Monday, June 6, 2011

Is Any Country in The Middle East Safe for Migrant Workers?

This week, the Philippine government determined that out of all the countries in the Middle East, only two - Oman and Israel – qualify as “safe” for its migrants. This decision becomes all the more shocking considering the low standards set by the Philippine government in order for countries to qualify as “safe”.

The designation of countries as safe follows an amendment of the Migrant Workers and Overseas Filipinos Act which specifies that the Filipino Department of Foreign Affairs (DFA) must certify that countries to which Filipino workers are deployed protect migrant workers’ rights. The Philippine Overseas Employment Administration (POEA) then needs to approve this certification. The law specifies that the Philippine government will only allow deployment if the host country meets at least one of these demands: it “has existing labor and social laws protecting the rights of workers; is a signatory to and/or a ratifier of multilateral conventions, declarations or resolutions relating to the protection of workers; and has concluded a bilateral agreement or arrangement with the government on the protection of the rights of OFWs.”

As the language of the law indicates, none of the conditions include enforcement of protective laws or treaties, which is a major problem in the region. In none of the countries in the region are sponsors allowed to beat their workers, drive them to suicide, under-pay them, not pay them at all or confiscate their passports, and yet such practices are all too common due to lack of enforcement. Therefore, we must look at the facts of the ground and not treaties, laws or bilateral agreements in order to determine whether countries can be regarded as “safe”.

Such a bottom-up approach easily reveals that neither Israel nor Oman are safe for migrants. Oman often does not enforce the regulations on minimum wage and hours of work for migrants (while doing so for its citizens) and domestic workers continue to be excluded from the protection of Oman’s labor laws. Most unskilled migrants have their passports confiscated by their employers and their movement restricted while some employers threaten, beat and sexually harass their workers or prevent them from leaving their job.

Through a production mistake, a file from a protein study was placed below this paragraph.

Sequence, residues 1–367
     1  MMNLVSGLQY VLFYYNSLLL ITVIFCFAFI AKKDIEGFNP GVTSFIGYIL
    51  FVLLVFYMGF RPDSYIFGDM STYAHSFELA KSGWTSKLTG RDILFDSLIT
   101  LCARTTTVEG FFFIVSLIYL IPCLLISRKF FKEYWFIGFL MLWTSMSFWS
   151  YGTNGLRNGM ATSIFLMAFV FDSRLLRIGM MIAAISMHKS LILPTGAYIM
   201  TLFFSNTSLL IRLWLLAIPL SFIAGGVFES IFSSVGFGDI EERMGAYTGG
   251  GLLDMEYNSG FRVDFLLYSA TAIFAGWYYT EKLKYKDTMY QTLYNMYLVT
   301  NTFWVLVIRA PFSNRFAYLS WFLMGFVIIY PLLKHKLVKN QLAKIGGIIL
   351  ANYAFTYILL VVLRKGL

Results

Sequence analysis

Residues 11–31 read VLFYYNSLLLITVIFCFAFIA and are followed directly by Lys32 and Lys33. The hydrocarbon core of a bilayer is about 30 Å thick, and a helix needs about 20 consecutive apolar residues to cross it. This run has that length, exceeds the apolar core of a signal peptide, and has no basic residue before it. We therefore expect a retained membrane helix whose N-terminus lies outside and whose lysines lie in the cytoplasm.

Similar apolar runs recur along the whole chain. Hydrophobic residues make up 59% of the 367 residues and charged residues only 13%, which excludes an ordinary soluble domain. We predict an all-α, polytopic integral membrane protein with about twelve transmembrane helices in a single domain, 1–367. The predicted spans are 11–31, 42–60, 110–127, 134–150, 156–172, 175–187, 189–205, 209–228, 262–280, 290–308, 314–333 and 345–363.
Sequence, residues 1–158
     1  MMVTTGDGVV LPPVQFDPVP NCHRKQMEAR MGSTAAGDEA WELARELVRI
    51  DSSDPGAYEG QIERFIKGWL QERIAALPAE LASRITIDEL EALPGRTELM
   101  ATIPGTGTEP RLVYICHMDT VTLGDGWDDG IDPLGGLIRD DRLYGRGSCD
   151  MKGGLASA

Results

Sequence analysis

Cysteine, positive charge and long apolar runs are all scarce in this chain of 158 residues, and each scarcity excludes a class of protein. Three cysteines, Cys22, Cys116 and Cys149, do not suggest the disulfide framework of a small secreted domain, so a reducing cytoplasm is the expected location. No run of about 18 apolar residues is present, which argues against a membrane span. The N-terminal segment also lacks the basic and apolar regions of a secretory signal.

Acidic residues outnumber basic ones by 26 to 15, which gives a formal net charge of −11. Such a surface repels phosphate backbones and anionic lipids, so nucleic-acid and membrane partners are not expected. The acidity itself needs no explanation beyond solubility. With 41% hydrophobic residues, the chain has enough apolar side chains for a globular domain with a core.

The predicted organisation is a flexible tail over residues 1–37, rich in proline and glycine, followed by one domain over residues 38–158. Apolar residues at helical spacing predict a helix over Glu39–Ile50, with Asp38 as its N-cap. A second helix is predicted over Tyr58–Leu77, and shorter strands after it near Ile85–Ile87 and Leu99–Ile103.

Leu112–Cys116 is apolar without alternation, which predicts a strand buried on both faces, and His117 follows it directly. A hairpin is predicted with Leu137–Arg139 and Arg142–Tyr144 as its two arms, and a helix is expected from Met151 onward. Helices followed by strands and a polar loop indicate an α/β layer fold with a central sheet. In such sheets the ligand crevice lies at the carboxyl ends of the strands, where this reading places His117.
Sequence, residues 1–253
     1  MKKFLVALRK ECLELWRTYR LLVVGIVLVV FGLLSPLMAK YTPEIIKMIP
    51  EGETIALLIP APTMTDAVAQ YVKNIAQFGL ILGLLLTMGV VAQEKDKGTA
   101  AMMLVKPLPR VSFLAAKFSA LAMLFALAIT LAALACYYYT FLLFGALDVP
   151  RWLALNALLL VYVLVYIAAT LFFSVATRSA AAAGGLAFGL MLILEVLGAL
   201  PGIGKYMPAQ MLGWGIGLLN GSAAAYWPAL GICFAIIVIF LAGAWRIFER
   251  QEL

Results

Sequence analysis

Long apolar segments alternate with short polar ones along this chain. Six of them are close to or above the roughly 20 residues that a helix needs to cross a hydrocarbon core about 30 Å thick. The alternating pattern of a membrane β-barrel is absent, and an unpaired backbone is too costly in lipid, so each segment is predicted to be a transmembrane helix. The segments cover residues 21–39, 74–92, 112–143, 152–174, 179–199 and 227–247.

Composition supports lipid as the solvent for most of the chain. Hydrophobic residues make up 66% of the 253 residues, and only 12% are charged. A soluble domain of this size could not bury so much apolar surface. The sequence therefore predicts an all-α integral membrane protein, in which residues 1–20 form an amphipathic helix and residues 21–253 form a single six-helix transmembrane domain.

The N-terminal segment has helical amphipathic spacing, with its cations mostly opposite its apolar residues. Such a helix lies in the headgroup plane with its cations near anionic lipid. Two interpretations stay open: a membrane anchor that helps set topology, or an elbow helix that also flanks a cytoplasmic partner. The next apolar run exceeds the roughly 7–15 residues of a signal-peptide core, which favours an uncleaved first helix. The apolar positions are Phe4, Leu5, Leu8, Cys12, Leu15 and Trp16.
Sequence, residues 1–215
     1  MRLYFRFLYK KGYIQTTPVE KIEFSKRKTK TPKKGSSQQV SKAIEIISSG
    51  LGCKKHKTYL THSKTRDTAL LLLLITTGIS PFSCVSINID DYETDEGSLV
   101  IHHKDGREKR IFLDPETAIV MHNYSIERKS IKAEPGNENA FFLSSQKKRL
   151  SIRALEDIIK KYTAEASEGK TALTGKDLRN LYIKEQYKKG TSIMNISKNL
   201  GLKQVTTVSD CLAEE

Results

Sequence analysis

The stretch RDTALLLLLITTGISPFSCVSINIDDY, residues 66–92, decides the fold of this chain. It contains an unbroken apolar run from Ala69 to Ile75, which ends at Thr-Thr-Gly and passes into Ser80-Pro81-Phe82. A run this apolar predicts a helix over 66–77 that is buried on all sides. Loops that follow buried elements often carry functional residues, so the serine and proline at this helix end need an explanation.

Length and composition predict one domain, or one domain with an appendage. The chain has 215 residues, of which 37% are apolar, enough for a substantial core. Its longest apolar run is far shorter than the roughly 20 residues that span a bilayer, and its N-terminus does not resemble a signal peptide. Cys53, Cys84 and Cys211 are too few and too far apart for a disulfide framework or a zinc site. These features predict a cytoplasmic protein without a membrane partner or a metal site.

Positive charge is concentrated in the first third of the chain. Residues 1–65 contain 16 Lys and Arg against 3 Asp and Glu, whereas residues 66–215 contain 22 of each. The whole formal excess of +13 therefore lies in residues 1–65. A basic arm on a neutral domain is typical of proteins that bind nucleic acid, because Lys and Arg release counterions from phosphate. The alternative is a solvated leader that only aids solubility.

In Israel, the labor laws apply to all migrants, however, enforcement is also lacking. The Israeli government does nothing to ensure that workers who come to Israel are not indebted to recruitment agents. This debt, which takes at least one year of labor to repay, prevents migrants from complaining about abuse, fearing they will lose their jobs, won’t be able to find a new employer (which is usually the case, since recruitment agencies have no interest in finding the worker a new employer when they can bring a new worker who will pay the recruitment fees) and lose their job. Most migrant laborers in the agricultural sector are not paid the legal minimum wage and many employers confiscate their workers’ passports. Several employers who were found to be in violation of Israel’s labor laws including serious violations of work safety did not lose their license to employ workers. Inspections of work places are rare and recently, the Israeli police decided to close the branch of its police that was designed to monitor crimes by migrants but also combat human trafficking and prevent exploitation by unscrupulous recruitment agencies.

The most troubling part about this qualification it how little it will matter. If the Philippine government imposed a ban on all countries in the region except Oman and Israel, it would have at least done something to protect its workers from working in countries like Lebanon and Kuwait where suicides or migrants are so common it’s not even news. However, the POEA has already announced that it will continue deploying Filipino workers to countries that the government itself determined were not safe for migrants. The POEA said “conditions in other countries will be continuously reviewed and evaluated and deployment will only be halted if a ban is put in place.”

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